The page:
To Whom It May Concern: The Belize Zoo would like to address the incident involving a youngster who was bitten by our ocelot, “Ollie”, as this has received much attention. An ocelot is a wild cat, native to Belize, and is considered to be a small-to-medium in size, weighing about 20-25 lbs. To clarify what occurred last Monday at the zoo, please read the points below.
Sharon Matola, Founding Director
OCELOT INCIDENT OCCURRING AT THE BELIZE ZOO MONDAY 15 JULY 2013
1. A young boy, approximately ten years old, along with his mother and other family members, visited “Ollie” the ocelot.
2. There were no zookeepers present. The youngster, put his hand inside the ocelot exhibit, seemingly to “pet” the cat.
3. In order to do this, he had to go to the effort of crossing over a wooden barrier, as well as ignoring the small mesh fence, placed there to keep people from putting hands in the exhibit.
4. Having crossed the barrier, and ignoring the other fence precaution, he put his hand in. The ocelot bit his thumb.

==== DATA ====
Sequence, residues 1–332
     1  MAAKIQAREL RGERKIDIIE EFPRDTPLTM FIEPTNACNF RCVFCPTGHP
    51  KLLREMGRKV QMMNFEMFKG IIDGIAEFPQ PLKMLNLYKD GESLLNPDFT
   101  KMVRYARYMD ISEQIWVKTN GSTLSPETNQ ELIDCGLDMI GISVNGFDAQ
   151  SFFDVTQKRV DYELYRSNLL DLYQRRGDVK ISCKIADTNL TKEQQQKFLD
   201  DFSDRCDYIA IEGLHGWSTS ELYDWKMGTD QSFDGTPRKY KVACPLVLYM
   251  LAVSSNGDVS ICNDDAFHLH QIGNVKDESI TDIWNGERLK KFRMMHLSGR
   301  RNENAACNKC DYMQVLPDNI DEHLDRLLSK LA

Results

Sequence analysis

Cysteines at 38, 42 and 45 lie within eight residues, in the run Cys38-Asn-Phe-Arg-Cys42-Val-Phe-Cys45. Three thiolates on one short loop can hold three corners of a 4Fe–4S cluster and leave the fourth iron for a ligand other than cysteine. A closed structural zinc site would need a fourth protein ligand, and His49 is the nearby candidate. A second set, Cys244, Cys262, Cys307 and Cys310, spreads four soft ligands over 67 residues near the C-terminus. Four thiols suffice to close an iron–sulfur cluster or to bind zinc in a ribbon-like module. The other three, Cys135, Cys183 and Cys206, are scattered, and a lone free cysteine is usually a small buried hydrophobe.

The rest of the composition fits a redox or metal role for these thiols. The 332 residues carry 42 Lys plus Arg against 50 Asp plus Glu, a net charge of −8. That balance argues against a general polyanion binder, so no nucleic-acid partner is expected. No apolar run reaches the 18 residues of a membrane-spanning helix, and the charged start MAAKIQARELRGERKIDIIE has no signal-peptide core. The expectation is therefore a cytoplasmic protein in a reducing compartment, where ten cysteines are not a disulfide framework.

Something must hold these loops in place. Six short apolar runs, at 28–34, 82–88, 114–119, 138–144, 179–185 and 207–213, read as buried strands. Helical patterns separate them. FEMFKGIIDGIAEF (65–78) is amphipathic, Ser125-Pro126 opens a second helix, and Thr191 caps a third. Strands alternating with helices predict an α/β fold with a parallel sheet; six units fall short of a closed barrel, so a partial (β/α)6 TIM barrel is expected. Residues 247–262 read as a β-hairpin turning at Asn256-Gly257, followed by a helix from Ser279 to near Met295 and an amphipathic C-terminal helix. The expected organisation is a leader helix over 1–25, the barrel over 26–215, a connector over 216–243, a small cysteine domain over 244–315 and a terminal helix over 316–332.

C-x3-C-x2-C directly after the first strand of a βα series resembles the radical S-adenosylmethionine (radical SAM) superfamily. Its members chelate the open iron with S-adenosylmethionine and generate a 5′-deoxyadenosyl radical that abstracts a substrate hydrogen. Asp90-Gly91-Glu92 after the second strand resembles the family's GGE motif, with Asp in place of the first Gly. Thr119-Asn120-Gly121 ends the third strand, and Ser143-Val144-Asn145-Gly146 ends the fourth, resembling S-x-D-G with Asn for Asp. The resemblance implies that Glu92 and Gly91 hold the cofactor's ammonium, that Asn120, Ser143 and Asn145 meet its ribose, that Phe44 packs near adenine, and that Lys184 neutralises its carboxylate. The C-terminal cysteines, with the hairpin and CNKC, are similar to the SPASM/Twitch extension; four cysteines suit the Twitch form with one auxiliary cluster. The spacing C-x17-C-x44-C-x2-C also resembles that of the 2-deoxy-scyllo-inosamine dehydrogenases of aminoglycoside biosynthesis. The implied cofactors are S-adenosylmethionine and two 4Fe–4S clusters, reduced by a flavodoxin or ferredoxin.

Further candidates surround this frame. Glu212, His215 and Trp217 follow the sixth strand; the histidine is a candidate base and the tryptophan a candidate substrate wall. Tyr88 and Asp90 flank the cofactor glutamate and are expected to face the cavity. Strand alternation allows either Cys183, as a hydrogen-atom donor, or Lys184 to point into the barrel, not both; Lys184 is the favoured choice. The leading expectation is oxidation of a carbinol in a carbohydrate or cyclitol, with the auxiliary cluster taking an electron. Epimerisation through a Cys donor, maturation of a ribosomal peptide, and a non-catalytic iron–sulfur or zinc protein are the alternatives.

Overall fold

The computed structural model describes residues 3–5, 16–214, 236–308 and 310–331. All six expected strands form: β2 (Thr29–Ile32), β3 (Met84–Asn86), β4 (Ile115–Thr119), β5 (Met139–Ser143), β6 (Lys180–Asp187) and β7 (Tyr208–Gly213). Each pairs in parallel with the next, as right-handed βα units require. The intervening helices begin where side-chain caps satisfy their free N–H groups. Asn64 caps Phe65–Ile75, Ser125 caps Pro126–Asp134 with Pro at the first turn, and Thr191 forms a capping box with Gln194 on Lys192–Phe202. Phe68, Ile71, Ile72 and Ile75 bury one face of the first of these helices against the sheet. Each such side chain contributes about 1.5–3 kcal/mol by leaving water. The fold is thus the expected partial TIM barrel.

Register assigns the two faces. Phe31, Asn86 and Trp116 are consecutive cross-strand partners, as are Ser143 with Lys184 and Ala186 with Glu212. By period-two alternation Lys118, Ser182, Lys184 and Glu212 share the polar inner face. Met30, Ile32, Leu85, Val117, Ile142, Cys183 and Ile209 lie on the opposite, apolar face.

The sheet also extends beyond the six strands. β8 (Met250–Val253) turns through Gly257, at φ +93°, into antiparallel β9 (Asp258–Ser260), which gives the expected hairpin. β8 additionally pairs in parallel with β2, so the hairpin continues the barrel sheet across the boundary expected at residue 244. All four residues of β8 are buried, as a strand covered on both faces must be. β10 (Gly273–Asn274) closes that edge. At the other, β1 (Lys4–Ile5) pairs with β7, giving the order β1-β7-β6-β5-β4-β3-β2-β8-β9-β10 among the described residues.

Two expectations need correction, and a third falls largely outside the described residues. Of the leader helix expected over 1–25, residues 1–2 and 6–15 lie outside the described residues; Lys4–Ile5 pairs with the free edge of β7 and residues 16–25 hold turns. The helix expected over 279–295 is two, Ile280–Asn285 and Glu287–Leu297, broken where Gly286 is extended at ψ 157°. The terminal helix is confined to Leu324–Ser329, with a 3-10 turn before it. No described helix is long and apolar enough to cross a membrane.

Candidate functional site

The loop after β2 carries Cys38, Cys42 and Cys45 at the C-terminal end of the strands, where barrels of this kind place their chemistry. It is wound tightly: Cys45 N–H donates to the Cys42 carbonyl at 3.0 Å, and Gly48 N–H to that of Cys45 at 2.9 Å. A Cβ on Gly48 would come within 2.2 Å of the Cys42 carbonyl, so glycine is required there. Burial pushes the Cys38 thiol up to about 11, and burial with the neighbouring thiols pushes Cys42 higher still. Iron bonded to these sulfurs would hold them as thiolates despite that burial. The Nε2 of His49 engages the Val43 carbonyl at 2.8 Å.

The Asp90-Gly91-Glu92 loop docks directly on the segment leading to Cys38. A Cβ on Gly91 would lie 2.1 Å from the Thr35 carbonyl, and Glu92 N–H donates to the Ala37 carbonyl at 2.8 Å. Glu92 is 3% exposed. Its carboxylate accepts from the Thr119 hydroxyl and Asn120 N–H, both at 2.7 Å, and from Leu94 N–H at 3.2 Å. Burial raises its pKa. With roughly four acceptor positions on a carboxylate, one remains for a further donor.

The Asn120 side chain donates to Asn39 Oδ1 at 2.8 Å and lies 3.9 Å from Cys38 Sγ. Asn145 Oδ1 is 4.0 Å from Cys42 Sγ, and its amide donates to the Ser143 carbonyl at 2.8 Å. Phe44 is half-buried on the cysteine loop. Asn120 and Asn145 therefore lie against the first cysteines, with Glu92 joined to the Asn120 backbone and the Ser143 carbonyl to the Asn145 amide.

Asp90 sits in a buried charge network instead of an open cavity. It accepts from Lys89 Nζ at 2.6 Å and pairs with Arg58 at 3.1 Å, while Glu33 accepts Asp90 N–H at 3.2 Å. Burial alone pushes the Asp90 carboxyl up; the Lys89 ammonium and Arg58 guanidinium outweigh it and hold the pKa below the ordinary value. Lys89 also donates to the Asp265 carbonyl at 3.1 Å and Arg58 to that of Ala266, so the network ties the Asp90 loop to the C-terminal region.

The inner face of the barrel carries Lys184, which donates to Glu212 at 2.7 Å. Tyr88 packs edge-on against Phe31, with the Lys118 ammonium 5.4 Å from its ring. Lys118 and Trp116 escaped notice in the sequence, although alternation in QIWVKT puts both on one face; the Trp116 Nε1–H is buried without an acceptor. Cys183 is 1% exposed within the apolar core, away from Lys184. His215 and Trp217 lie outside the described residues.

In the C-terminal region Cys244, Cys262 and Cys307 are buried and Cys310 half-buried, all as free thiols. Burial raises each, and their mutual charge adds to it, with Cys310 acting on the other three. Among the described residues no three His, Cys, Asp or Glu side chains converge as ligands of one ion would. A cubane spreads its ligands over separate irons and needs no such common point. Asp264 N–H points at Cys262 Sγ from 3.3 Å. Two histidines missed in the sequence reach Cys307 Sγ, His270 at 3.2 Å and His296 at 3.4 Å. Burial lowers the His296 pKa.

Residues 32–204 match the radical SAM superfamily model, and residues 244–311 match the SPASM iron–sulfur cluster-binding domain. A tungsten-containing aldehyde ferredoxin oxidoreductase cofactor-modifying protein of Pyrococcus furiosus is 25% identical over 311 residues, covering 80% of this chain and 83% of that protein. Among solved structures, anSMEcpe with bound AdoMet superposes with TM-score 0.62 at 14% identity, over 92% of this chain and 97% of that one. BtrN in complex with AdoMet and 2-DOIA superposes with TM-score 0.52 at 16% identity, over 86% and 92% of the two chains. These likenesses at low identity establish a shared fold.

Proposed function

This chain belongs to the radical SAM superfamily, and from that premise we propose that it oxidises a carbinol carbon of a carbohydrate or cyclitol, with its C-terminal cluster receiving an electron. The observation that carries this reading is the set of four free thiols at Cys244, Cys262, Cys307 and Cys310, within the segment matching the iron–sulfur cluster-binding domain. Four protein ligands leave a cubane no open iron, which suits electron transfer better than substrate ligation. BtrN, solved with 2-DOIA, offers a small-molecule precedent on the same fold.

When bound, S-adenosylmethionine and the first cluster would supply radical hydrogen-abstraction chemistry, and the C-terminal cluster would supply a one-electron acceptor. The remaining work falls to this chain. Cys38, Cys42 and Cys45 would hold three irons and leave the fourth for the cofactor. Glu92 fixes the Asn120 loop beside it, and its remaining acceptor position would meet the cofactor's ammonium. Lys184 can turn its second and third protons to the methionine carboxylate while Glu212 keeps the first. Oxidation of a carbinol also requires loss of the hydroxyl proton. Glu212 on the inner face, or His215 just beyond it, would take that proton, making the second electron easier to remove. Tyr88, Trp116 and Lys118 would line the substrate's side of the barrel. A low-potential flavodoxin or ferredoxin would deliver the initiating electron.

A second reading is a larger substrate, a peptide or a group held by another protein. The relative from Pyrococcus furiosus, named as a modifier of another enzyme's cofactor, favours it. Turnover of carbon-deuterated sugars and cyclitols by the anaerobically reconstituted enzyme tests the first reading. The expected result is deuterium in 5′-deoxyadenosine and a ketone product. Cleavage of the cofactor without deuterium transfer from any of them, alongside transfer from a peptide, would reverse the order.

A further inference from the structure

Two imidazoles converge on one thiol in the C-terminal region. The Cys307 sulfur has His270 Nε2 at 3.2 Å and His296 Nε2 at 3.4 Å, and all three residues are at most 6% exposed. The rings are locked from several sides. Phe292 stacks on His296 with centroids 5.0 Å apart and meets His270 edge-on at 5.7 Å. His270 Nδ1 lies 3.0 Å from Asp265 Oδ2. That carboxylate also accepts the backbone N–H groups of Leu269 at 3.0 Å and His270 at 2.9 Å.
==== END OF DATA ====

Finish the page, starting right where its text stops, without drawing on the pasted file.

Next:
5. This was brought to the attention of Animal Management Supervisor, Humberto Wohlers, who applied first aid to the bite immediately.
6. Animal Management Supervisor, Tony Garel, drove the youngster, Ronald Altender, and his mother, Holly Altender, to Medical Associates in Belize City.
7. He was examined by Dr. Idelfonso Roberts. Dr. Roberts said that the wound was not serious. The thumb had movement, so no nerves were damaged, and no bones were broken.
8. Upon return to the United States, Holly Altender telephoned Tony Garel stating that her son was okay and thanking him for his assistance. She felt that the ocelot bite had happened partly due to the fact that Ronald is challenged by autism. She felt that the enclosure should be more “child safe”.
9. All of us at The Belize Zoo regret the inconvenience that the Altender’s experienced. However, there is a wooden barrier as well as small mesh fencing to strongly discourage the type of actions noted in this incident.
10. There are signs up in the zoo stating the big safety rule to “STAY BEHIND BARRIERS” and to “KEEP ALL BODY PARTS OUT OF EXHIBITS”
11. As people enter the zoo, the Entry zoo guard also states these rules to incoming guests.
In thirty years of being in operation, no incident such as the above, has ever occurred at The Belize Zoo. If our visitors respect our rules and guidelines, and understand that both signs and visible barriers are there for a purpose, which is to ensure the safety of both guests and our animals, then accidents, such as what is described above, will not occur.
Due to this incident, TBZ will be placing more signs warning guests to keep body parts out of exhibits and also, to respect barriers. In addition, we are developing a “safety flyer” which will be available as a souvenir, upon visitor entry to the zoo.